If the Lambo-lovin’ faithful across the internet are any indication, bitcoin “hodlers” have been surprisingly patient during this nightmarish year. As you can see from this Reddit post, they’ve also kept their sense of humor:
Maybe it’s because they’re confident in the long-term story. Or perhaps they got in early enough that the latest batch of weakness doesn’t even matter.
Whatever the case may be, bitcoin investors are about to get paid in big way, according to Fundstrat’s Tom Lee, who told CNBC in a recent interview that the signal for an imminent rally will come from emerging markets. Specifically, when the iShares MSCI Emerging Markets Index ETF
starts to rebound, he says, watch for bitcoin
to do the same.
A relationship between the two struggling investments — the emerging-markets ETF is off about 8% so far this year, while bitcoin has obviously been hit MUCH harder — has been forming of late. Lee says the correlation illustrated in this graphic could be key in predicting a reversal for bitcoin:
“Both really essentially peaked early this year, and they both have been in a downward trend,” Lee said. “Until emerging markets begin to turn, I think in some ways that correlation is going to hold and tell us that sort of the risk on mentality is those buyers aren’t buying bitcoin.”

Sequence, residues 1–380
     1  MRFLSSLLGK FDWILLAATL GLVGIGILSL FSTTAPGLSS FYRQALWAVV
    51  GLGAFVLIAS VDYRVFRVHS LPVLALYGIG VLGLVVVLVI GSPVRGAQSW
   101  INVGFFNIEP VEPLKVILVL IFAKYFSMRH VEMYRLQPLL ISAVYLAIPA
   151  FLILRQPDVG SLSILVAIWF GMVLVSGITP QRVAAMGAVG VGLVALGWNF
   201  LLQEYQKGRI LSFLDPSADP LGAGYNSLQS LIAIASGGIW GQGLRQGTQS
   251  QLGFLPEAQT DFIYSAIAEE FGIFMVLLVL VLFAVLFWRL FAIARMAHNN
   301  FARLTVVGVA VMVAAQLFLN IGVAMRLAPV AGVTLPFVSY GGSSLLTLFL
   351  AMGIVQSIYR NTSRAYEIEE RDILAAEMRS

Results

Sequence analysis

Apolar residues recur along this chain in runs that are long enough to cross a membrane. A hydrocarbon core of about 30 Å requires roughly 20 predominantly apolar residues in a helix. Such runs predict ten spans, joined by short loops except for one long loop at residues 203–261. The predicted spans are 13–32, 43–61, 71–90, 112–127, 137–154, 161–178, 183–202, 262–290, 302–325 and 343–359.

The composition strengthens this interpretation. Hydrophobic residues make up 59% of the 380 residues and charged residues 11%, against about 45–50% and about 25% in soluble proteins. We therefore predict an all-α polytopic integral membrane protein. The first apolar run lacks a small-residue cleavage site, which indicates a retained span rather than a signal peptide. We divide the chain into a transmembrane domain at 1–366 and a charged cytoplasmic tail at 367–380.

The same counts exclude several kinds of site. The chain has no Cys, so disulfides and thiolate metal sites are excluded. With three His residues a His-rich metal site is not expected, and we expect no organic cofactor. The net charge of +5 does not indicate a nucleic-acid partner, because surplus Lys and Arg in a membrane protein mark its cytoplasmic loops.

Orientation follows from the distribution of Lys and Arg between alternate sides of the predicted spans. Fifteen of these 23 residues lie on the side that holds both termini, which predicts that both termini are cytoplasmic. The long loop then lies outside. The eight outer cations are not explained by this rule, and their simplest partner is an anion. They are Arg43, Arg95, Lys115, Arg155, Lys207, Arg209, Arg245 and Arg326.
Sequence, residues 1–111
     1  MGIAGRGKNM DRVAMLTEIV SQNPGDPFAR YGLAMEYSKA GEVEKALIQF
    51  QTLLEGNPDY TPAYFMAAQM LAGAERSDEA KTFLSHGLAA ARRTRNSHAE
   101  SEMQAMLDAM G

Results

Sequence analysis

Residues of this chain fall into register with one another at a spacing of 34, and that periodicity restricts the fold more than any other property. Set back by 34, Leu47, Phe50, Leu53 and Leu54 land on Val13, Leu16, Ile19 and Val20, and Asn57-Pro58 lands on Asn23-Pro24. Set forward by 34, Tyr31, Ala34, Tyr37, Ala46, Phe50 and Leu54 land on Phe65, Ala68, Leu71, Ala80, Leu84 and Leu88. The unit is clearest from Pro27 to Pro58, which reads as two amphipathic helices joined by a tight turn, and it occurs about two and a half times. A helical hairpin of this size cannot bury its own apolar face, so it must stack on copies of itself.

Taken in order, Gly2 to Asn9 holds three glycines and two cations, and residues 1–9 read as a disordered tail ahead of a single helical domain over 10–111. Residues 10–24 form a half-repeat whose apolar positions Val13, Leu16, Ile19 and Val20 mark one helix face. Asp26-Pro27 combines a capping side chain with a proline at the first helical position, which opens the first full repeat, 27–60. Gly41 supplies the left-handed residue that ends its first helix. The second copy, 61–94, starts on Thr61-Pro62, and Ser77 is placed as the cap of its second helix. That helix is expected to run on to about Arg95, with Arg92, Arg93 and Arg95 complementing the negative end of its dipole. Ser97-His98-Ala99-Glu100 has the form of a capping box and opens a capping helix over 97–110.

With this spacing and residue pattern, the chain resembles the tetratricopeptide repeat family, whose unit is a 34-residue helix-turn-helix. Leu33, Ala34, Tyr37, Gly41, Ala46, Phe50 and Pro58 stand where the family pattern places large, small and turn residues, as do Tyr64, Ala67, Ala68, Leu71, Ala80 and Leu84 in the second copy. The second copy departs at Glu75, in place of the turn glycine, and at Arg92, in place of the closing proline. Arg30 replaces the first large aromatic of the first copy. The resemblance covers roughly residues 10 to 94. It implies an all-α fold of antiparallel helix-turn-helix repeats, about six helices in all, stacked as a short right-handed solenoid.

He explained that hedge funds avoid buying risk when there’s trouble in emerging markets. And when they aren’t buying risk, they’re surely not buying bitcoin. But when that appetite for risk returns, Lee, in our call of the day, believes it’ll be enough to carry bitcoin to $25,000. This year.
If the dollar weakens and the Fed taps the brakes on its rate-hike policy, Lee predicts the firepower that’s been waiting on the sidelines will jump in.
“I still think it’s possible,” said Lee. “Bitcoin could end the year explosively higher.”
Watch the interview:
As for today’s market action, stocks are, again, looking up as we wind down August, which is normally a miserable month for equities. Clearly, that hasn’t been the case this time around.
Futures on the Dow
and S&P 500
are all pointing to a higher open following Friday’s strong finish and record closes for the S&P
and Nasdaq Composite
is 3.1% off its record close, set in January.) Gold
is edging lower, as is crude oil
Bitcoin is a long ways away from that bold $25,000 prediction but the crypto is up modestly to $6,693. Asia markets
gained, boosted by the People’s Bank of China’s move to shore up its currency in what could be an olive branch to President Trump, while much of Europe
is enjoying some upside in the early part of its session. The U.K. is enjoying the day off.
Time to start guessing what new Apple
products we’ll see in September. More iPhone Xs? A new high-end phone will have a display that measures about 6.5 inches diagonally, according to Bloomberg. And while Apple keeps finding ways to get customers to pay more, it’s also planning a new, lower-end device. No word yet on the price tag.
Meanwhile, Slate says Mac fans could finally get an update worth having.
Last week, the New York Times ran a piece entitled, “End stock buybacks, save the economy.” The idea being that the U.S. economy is on the ropes because of inequality, unstable employment and weak productivity. Eliminating stock buybacks would take care of all that, according to the article.